Sunday, December 10, 2017

EPA to give two North Jersey Superfund sites attention

Polluters have already removed some of the cancer-causing dioxin from the lower Passaic River near the former Diamond Alkali plant in Newark. But much of the contamination is still spread out in the river's lower 17 miles.

James M. O'Neil and Scott Fallon report for The Record:

The federal Environmental Protection Agency identified a portion of the Passaic River and Berry’s Creek in the Meadowlands on Friday as two Superfund sites that will receive more "intense attention" from the agency as it decides the best route for cleanups.

The two North Jersey sites are among 21 Superfund sites across the country that have been added to a special list requested by EPA Administrator Scott Pruitt to receive more immediate focus.

However, the new designation does not provide any additional funding to help with cleanups. And agreements with polluters, which often take years, will have to be secured.

The agency wants to target a nine-mile stretch of the Passaic River – from Belleville north to Clifton and Garfield – contaminated with cancer-causing dioxin.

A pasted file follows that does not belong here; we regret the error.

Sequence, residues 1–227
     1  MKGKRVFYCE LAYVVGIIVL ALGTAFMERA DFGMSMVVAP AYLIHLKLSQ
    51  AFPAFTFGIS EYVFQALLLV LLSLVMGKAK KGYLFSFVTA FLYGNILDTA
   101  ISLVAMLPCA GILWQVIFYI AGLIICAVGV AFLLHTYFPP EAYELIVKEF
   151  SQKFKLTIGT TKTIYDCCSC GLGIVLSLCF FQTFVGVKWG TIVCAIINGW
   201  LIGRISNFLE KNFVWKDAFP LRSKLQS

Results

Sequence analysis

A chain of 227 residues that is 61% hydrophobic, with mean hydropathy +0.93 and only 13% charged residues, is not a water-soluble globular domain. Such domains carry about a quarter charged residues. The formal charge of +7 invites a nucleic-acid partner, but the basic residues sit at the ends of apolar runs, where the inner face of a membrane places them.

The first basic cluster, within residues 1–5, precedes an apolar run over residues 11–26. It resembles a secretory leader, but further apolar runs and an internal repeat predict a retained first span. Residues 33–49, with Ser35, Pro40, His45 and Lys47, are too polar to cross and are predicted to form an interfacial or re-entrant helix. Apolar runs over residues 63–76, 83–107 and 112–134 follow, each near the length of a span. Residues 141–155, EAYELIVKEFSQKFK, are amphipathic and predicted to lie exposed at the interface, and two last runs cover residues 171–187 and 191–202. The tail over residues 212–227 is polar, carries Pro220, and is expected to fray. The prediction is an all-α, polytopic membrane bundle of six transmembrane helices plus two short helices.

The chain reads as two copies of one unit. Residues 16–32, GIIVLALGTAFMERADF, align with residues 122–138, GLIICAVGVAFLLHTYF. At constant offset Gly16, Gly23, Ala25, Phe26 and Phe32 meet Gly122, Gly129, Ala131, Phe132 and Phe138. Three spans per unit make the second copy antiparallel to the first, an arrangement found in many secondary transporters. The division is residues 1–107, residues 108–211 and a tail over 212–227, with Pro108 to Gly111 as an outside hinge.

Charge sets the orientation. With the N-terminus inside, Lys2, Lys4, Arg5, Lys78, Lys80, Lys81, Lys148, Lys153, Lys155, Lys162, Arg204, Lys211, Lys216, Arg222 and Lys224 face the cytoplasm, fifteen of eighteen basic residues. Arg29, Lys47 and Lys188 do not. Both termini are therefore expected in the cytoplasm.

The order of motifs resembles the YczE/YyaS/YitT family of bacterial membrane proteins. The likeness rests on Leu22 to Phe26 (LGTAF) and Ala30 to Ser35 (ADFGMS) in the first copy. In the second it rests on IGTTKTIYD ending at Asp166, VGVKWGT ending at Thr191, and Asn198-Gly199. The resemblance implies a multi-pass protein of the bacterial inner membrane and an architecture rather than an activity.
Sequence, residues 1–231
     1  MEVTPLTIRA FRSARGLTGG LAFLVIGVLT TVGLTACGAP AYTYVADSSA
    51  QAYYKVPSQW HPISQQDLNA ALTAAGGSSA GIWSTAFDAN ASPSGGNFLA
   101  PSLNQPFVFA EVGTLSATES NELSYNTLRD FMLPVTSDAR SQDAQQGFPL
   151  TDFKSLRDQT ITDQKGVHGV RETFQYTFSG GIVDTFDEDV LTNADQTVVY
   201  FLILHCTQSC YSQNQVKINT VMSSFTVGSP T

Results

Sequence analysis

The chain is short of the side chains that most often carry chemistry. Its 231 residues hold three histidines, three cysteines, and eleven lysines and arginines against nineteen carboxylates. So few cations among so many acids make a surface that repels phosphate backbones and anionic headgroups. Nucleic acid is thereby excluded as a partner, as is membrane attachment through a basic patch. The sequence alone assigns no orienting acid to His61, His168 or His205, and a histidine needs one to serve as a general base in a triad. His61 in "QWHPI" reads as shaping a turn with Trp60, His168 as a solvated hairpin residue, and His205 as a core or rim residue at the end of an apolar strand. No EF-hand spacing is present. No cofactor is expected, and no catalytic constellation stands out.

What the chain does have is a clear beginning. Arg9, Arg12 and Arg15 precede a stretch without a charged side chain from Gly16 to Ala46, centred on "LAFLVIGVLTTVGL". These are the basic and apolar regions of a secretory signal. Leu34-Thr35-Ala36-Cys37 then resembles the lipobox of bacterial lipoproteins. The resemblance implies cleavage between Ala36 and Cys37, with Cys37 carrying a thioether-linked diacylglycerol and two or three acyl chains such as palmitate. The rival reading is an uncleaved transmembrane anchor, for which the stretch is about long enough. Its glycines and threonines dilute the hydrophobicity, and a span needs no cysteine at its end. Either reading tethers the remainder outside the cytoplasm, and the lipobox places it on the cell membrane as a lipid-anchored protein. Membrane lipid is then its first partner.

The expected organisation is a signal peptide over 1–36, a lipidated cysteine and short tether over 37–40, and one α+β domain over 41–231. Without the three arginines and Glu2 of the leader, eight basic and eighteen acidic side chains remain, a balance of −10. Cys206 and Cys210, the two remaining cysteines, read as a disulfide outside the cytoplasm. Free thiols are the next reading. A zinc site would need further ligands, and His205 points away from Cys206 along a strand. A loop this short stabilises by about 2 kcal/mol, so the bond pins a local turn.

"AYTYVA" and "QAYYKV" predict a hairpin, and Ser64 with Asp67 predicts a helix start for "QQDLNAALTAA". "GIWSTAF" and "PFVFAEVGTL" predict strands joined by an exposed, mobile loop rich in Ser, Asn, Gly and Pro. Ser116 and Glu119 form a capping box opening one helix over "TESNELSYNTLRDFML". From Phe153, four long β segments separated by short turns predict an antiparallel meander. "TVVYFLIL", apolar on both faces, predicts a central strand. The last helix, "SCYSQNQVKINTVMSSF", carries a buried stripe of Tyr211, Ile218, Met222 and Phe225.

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Within the next month or two, companies and other entities responsible for the pollution are expected to submit to EPA an investigation they have been conducting that includes the nine miles, the agency said Friday evening.

The EPA already ordered polluters last year to conduct a $1.4 billion cleanup of the lower 8.3 miles of the river from Belleville south to Newark Bay.

Much of the pollution comes from the former Diamond Alkali facility in Newark where dioxin was dumped into the river during the production of the notorious defoliant known as Agent Orange, used during the Vietnam War. Other chemicals of concern include PCBs, mercury and pesticides.

Berry’s Creek is a tributary of the Hackensack River in the Meadowlands. After seven years of study and research, the EPA has been inching closer to a proposed cleanup plan for the highly contaminated creek.

Berry's Creek south of the Meadowlands Sports Complex. (Photo: James W. Anness/

The cleanup of sediment contaminated with mercury and PCBs will likely wind up being some combination of dredging and capping, and the plan should be ready sometime in mid-to-late 2018, the EPA said Friday.

The actual cleanup would still be three or more years away.

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